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Friday, 18 November 2016

Saturday, November 19, 2016 - If you were told that your life after death would be determined by the life you live now, what changes would you make in this life?

To read the texts click on the texts: Rev 11:4-12; Lk 20:27-40

The Sadducees were a group of Jews who did not believe in the resurrection. The question they ask Jesus assumes the practice of levirate marriage, where according to Deut 25:5, the brother of a deceased man was to take his brother’s widow as his wife. The Sadducees extend the situation to the point of ridicule by speaking of seven brothers who marry the same woman. The question is whose wife she would be in the resurrection. 

While in Mark, Jesus first rebukes the Sadducees, in Luke he begins to teach them immediately. Jesus’ response is that life in the resurrection will not simply be a continuation of the life, as we know it now. In the second part of his response, Jesus calls the attention of the Sadducees to the familiar story of the burning bush, in which the point is that God is not God of the dead but of the living.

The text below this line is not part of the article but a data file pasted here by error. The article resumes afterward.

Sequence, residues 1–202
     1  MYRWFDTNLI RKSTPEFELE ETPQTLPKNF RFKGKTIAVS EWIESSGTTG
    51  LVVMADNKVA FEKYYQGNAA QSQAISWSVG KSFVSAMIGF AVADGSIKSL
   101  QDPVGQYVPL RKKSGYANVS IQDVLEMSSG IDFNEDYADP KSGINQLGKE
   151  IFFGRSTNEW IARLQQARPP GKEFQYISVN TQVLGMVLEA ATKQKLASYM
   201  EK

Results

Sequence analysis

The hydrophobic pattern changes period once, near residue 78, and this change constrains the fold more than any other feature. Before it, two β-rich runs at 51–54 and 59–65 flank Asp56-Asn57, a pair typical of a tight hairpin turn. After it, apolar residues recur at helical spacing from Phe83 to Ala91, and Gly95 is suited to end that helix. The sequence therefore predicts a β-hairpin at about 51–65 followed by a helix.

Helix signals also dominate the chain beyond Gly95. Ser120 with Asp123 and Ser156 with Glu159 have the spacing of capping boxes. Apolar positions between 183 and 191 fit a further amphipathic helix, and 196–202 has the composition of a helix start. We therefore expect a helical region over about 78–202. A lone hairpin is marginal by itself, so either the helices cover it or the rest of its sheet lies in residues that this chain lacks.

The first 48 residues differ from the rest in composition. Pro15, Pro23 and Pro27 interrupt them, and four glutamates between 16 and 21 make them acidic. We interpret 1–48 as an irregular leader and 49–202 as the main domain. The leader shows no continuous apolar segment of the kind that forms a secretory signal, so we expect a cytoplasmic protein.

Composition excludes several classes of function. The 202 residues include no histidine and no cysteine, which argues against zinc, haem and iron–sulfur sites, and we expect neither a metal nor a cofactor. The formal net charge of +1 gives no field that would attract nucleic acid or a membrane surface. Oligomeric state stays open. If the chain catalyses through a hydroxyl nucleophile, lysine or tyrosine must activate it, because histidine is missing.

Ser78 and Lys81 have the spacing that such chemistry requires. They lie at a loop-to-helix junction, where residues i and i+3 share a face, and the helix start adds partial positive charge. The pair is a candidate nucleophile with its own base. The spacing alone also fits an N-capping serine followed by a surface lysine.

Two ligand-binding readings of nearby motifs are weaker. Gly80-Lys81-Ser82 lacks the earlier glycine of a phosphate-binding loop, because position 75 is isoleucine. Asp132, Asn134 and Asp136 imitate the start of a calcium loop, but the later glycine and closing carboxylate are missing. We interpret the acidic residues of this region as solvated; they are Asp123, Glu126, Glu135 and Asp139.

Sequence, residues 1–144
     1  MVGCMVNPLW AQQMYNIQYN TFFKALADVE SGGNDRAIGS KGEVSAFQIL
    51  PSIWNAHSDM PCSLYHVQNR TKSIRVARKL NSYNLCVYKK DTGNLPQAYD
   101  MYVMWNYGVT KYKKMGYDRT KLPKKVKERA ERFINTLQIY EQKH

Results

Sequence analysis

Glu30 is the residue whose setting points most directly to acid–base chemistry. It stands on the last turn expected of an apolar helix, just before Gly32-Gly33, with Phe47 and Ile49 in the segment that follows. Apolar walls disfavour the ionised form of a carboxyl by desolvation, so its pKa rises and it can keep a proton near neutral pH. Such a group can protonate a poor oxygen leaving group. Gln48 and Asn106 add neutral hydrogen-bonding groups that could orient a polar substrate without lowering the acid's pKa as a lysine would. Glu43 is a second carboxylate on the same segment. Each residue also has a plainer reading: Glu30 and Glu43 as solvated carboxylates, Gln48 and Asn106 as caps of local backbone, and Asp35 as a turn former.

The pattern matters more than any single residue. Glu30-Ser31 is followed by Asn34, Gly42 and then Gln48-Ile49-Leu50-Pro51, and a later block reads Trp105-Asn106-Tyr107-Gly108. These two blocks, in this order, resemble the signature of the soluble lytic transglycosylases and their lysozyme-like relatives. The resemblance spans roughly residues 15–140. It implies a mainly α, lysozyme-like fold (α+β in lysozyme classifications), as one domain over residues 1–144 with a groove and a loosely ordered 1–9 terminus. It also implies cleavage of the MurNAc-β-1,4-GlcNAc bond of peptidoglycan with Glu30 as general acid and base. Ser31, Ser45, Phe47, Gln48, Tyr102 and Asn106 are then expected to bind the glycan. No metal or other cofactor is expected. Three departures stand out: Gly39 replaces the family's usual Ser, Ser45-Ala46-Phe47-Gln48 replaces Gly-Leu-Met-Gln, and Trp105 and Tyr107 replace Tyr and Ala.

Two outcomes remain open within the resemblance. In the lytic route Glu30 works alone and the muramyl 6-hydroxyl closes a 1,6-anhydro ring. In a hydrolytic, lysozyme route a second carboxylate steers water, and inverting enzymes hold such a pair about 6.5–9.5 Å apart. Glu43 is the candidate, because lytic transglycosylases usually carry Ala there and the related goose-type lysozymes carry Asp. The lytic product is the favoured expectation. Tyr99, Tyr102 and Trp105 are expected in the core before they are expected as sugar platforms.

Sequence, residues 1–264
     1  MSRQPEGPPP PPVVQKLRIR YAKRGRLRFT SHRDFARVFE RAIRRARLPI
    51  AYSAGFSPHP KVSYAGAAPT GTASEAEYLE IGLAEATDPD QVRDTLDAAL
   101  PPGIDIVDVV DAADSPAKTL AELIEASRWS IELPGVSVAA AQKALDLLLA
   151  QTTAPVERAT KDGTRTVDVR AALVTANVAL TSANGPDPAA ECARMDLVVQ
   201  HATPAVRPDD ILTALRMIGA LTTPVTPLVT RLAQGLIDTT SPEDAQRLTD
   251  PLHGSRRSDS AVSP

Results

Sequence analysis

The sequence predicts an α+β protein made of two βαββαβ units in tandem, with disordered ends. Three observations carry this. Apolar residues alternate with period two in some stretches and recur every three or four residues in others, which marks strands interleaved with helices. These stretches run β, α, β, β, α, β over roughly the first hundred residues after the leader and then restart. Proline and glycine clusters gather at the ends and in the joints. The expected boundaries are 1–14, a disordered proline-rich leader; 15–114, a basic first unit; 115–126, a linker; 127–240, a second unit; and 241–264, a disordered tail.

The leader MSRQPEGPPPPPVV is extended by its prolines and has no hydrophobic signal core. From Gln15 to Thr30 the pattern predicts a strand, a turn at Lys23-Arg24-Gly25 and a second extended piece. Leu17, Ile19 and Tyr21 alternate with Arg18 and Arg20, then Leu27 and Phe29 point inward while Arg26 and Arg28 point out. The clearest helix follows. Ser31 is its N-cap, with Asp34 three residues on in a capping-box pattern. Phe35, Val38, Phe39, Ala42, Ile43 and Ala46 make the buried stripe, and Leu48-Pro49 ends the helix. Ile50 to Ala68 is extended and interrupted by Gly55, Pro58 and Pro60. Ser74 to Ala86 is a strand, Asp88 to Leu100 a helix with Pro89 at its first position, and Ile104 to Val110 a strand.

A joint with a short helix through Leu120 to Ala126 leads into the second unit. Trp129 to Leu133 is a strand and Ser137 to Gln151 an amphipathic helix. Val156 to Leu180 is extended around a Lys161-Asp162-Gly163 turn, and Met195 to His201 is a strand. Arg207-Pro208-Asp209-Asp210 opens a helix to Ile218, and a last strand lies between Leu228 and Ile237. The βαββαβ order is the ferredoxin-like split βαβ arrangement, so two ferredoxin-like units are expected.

Jesus’ words can thus be approached from a positive side. The God who created human life, including the institution of marriage, has also provided for life after death for those who have cultivated the capacity to respond to God’s love. The biblical teaching is that life comes from God. There is nothing in or of the human being that is naturally or inherently immortal. If there is life beyond death, it is God’s gift to those who have accepted God’s love and entered into relationship with God in this life: They “are children of God, being children of the resurrection”

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